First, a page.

Review: MAD’s Greatest Artists: Don Martin: Three Decades of His Greatest Works

by Beth C.

MAD’s Greatest Artists: Don Martin: Three Decades of His Greatest Works – Don Martin (Running Press)

First things first: I have to come clean. Don Martin’s amazingly distinct, wacky, sometimes surreal, and always clever art never graced the pages of my shiny new copies of MAD magazine. Don Martin’s illustrations were published in MAD from 1956-1988, a bit before I started buying my own copies at the newsstand. However, MAD was (and still is) pretty epic. Even though some of the content was a DonMartinbit over my head, I still knew it was smart, a bit subversive, and important reading. Don Martin is part of this legacy, and this latest addition to the MAD’s Greatest Artists series presents three decades of Martin’s best works to fans both old and new.

So with that being said, let’s talk about the book and its contents. First off, the Don Martin: Three Decades of His Greatest Works is an over-sized dust-jacketed hardback (12.25″ x 9.25″) with thick, smooth pages. The majority of the comics are black and white with gray, but there is a generous sprinkling of full-color comics and illustrations showcasing Martin’s best portraits, posters, and stickers that were created as bonuses for MAD Specials. One gets the impression that no details were overlooked during the design and layout for the Don Martin collection. First, the price list — “$30.00 Cheap! in U.S.A., $34.50 Cheap, eh? in Canada, £20.00 Bloody Cheap! in U.K.” — on the inside dust-jacket cracks me up. What a clever homage to the magazine’s current $5.99 Cheap! cover price. Second, the comic and art reproductions are really top-notch — and I’m sure many readers will appreciate that the text and dialogue bubbles are all a very nice readable size. And third, while I’m in no position to debate as to which of Don Martin’s works should orDonMartinBook_131-196.indd should not have been included, seasoned fans — and those whose heart goes a-flutter for good ol’ organization and labeling — will greatly appreciate that every selection is captioned with the issue number, month (or season if it’s a special issue), and year.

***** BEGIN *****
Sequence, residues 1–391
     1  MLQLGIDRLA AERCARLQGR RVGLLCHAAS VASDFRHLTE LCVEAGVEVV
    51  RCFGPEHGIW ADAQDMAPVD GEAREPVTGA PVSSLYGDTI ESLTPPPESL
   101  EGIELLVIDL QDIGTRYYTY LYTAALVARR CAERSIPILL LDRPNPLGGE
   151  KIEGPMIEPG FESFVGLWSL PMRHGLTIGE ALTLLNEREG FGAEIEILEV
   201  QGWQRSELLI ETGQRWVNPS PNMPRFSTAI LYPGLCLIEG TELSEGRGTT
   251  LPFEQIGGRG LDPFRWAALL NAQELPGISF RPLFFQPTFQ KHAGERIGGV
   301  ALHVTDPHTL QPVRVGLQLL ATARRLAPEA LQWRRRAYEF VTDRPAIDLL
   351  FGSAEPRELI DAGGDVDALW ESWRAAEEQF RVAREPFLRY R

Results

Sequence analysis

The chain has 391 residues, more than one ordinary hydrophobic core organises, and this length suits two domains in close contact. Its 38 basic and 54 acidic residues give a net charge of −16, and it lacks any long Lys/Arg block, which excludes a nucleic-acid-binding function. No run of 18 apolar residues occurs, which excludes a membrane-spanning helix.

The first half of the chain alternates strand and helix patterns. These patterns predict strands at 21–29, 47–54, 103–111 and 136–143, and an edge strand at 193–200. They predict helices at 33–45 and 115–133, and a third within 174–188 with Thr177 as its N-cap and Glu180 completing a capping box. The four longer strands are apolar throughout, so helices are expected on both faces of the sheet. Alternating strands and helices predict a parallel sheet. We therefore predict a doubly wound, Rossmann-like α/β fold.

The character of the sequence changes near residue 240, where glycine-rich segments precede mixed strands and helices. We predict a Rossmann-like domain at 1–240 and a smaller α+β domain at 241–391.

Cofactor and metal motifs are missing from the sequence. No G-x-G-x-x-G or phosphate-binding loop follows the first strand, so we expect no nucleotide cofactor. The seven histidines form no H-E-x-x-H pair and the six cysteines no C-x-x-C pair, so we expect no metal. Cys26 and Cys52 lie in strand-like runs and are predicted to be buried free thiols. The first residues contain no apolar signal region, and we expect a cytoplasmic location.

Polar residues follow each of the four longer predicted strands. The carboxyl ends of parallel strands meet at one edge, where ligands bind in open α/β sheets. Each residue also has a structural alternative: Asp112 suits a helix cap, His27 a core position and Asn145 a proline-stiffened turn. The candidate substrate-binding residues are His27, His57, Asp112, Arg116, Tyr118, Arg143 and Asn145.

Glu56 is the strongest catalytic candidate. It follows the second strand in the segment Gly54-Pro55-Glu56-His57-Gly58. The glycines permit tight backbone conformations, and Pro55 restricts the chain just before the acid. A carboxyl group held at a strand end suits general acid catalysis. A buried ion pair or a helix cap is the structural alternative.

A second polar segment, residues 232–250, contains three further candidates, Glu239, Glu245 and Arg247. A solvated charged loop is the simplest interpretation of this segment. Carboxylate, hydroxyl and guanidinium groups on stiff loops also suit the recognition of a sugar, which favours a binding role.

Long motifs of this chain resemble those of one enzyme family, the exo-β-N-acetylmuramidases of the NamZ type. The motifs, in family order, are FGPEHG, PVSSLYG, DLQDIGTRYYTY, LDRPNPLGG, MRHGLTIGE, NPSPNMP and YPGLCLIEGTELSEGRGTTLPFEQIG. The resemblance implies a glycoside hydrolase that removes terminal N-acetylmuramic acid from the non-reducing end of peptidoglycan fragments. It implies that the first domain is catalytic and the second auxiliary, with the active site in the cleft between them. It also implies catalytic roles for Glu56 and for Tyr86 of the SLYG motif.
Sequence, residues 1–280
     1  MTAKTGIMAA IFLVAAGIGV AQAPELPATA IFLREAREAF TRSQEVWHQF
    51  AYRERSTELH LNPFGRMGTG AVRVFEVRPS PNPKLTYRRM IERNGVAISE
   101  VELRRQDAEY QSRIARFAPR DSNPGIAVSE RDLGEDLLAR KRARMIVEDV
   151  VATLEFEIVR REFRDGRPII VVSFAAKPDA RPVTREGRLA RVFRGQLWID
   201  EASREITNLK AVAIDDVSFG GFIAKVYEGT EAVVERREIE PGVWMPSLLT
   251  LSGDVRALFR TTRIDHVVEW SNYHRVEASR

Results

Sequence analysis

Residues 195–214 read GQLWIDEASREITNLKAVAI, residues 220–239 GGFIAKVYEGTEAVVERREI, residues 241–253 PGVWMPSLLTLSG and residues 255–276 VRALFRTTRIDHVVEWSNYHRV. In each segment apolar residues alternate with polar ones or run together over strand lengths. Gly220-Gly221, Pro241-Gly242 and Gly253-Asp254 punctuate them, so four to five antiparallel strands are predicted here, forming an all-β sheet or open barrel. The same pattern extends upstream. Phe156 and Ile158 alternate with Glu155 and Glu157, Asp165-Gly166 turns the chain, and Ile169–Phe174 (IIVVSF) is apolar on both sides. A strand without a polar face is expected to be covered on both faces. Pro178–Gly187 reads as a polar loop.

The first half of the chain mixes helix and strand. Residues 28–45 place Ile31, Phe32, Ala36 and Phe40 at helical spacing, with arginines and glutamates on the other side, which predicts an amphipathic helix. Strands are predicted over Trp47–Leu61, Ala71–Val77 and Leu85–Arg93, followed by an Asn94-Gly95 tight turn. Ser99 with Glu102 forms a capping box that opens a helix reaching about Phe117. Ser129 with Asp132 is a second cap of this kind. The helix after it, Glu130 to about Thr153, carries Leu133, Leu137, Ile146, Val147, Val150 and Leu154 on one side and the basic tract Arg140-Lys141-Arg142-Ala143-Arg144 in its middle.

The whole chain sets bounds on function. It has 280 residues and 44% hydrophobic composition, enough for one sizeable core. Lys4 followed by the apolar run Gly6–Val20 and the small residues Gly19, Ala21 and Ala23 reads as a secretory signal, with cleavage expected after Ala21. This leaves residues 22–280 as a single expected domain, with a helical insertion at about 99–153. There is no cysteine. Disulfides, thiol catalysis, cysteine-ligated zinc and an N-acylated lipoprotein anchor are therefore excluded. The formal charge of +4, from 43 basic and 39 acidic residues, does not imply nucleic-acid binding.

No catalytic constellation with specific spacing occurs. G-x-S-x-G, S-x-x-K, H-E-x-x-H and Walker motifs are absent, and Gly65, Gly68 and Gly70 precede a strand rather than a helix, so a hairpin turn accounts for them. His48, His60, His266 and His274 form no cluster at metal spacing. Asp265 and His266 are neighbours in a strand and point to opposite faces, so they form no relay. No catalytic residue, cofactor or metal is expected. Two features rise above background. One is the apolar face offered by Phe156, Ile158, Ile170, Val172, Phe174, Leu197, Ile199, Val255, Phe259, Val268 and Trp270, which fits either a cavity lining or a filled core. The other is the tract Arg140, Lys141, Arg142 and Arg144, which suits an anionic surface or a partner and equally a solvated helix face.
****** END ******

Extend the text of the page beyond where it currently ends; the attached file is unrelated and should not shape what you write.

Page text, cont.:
But enough about that, you probably won’t buy the book for the clever pricing, glossy pages, readable text, or bibliographic citations. You will get it for the comics and art, so let’s look inside, shall we? Martin’s characters are often recognized by their hinged feet, bulbous noses, and disproportionate body frames. Martin is also noted for his onomatopoetic sound effects. In fact, one fan named Doug Gilford has compiled an online dictionary of them!

As someone who has become smitten with all things comic as a thirty-something, it is intimidating to play catch-up and school myself in the comics medium. There’s a lot to read up on about the big rockstar artist and writer names, the history of various comic publishers, and, let’s not forget, all of the various characters and storylines. However, the Don Martin collection is most definitely one of those books where it doesn’t matter how much you do or don’t know about MAD magazine’s history and its legendary artists and writers. This latest addition to the MAD’s Greatest Artist series is a beautiful and well put together tribute to magazine’s maddest artist.



Check out the new Don Martin book as well as others from the MAD Greatest series:


The Comics Alternative is a podcast and blog focused on the world of alternative, independent, and primarily non-superhero comics.

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